UK Judge Gives Drunken MSC Captain Suspended Sentence and Small Fine

Pilot in Felixstowe boarding an arriving MSC containership suspected the captain was drunk and reported it to authorities (Felixstowe file photo)

Published Feb 13, 2024 4:39 PM by The Maritime Executive

A judge in the UK decided to have leniency with a suspended sentence for a captain who was found to been four times over the legal limit for alcohol when his containership docked in the UK last month. The BCC reports Judge David Wilson based his decision on the previous “good character” of Captain Zbigniew Chowaniec and his belief that the captain is not a present danger to the public.

Chowaniec, age 65 and a Polish citizen previously working for MSC Mediterranean Shipping Company told the court he was truly sorry for his actions. He said that his career at sea was “over.” 

He had been master of the containership MSC Roshney V, one of the smaller ships operating in MSC’s fleet. The ship is 965 feet (294 meters) in length and 65,900 dwt with a capacity of 4,888 TEU. Built in 2007 and registered in Liberia, it operates a route between Turkey and northern Europe.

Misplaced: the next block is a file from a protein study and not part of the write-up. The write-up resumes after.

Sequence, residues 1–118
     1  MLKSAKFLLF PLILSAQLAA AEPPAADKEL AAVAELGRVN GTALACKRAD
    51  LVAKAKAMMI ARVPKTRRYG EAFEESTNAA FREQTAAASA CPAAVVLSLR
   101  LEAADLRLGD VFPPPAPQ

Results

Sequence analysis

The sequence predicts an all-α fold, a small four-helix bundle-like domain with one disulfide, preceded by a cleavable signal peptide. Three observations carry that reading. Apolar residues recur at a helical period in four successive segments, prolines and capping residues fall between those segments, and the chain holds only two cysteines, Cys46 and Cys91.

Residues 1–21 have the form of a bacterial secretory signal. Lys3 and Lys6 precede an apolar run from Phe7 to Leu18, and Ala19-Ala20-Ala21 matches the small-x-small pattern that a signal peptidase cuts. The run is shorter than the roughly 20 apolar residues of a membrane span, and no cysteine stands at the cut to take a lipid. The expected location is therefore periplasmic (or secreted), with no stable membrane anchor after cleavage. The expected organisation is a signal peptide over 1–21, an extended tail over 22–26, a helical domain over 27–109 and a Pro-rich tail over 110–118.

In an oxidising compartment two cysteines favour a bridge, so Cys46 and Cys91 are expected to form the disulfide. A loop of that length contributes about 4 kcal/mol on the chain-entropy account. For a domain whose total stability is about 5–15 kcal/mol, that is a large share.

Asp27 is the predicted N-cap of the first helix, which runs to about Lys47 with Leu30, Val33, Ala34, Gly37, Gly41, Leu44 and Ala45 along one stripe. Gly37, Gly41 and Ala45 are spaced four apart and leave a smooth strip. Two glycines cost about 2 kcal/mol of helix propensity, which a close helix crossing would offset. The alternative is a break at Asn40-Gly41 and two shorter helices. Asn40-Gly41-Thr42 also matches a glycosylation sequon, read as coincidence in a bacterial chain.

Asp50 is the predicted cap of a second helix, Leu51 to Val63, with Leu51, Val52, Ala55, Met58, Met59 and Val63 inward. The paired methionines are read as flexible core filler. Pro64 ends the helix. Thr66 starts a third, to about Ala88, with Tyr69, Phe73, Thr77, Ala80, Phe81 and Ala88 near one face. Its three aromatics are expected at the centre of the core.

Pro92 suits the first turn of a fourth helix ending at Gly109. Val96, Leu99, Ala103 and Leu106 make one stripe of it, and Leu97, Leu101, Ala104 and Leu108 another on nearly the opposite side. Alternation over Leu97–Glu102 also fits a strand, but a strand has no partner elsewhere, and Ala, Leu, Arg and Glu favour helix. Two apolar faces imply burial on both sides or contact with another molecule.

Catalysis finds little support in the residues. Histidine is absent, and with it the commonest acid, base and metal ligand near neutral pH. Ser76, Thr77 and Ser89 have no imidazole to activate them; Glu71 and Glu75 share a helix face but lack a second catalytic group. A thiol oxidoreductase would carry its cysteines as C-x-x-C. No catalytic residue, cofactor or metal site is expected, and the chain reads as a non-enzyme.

A pilot boarding the ship on January 15 to guide it to dock at Felixstowe told authorities he had become suspicious that the captain was drunk when he reached the bridge of the vessel shortly after 06:00. He reported a strong smell of alcohol to the authorities after the vessel was secured and the port police launched an investigation. 

Chowaniec was taken into custody and a test showed his blood alcohol level at nearly four times the legal limit for a working seafarer. According to the court report, he had a level of 93 micrograms of alcohol versus a legal limit of just 25 micrograms per 100 ml.

Chowaniec pleaded guilty in the Ipswich court and returned on Monday to be sentenced. The judge gave him eight weeks in prison and a fine of just over $620. The jail time however was suspended for 12 months on the condition that Chowaniec does not have another offense.